But we have a Tory-led Government which listens only to a privileged few. Tax cuts for millionaires and tax breaks for hedge funds.

I am leading a different Labour Party, a One Nation Labour Party, which listens to and will stand up for ordinary families like that of Danielle Heard, who I met this week.

We’ll fight for her like she has fought cancer heroically for 14 years. She is disabled and battling cancer again. But now her family must pay £80 a month they can’t afford under this government’s hated bedroom tax.

The bedroom tax – not what the Tories call the spare room subsidy – the bedroom tax: a symbol of an out of touch, uncaring Tory government that stands up for the privileged few – but never for you.

So we will scrap that tax. And what’s more I can tell you how.

We’ll scrap the bedroom tax by abolishing the shady schemes of tax loopholes for the privileged few which the Tories keep inventing. Tax cuts for hedge funds, the billion pound black hole created with a scheme for workers to sell their rights for shares, and by tackling scams which cheat the taxpayer in construction.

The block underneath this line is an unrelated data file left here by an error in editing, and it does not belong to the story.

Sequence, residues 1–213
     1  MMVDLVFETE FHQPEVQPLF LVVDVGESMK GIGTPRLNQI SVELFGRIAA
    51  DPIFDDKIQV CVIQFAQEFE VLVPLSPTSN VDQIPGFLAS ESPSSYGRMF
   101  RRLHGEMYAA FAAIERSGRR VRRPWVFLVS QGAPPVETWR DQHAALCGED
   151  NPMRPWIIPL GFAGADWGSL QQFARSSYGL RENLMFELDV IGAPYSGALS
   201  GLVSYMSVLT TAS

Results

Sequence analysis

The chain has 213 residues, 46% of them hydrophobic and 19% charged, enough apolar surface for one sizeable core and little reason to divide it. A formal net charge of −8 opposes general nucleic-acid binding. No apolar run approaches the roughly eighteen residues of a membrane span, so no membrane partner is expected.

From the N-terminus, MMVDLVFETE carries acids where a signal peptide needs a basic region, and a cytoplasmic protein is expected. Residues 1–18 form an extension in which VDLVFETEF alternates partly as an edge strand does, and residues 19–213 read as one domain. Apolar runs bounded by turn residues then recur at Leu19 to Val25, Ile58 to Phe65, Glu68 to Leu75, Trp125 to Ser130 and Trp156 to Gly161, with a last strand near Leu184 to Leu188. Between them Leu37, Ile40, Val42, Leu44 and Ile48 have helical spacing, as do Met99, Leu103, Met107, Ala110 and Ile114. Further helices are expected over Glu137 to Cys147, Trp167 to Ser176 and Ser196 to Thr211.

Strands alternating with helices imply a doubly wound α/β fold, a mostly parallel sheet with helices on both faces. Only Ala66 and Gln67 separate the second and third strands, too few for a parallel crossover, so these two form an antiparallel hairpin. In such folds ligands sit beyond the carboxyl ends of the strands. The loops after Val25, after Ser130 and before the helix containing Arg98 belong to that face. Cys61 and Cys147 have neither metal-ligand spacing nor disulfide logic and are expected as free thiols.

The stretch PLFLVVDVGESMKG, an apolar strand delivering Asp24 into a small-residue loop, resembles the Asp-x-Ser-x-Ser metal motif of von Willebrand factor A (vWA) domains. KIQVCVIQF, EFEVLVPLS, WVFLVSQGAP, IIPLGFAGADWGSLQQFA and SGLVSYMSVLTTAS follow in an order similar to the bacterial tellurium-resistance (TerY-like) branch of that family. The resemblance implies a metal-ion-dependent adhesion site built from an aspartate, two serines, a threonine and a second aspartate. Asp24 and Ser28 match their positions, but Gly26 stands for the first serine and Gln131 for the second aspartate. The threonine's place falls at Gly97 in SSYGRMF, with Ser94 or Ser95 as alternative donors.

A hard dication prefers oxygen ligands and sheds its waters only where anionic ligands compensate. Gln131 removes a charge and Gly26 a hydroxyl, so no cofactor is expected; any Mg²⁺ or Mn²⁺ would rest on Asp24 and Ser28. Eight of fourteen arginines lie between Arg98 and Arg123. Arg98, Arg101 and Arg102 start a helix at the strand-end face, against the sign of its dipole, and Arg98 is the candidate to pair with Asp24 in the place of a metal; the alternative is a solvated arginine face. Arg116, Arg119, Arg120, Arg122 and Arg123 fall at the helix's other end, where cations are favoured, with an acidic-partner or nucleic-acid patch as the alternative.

That’s what a One Nation Labour government will do. That’s a party that will fight for you.

The Tories will respond by arguing that Labour has abandoned its commitment to fiscal responsibility and returned to its old spending ways. But unlike on other issues, such as the benefit cap, they find themselves on the wrong side of public opinion. A ComRes poll published today by the National Housing Federation (NHF) found that 59% of the public believe the policy should be abandoned, up from 51% when it was introduced in April. Four-fifths of Labour supporters (79%) favour its repeal, along with 65% of Lib Dems and 34% of Tories. 

And one doesn't have to look far for evidence why. As I noted, a survey by the NHF of 51 housing associations found that more than half of those residents affected by the measure (32,432 people), fell into rent arrears between April and June, a quarter of those for the first time ever.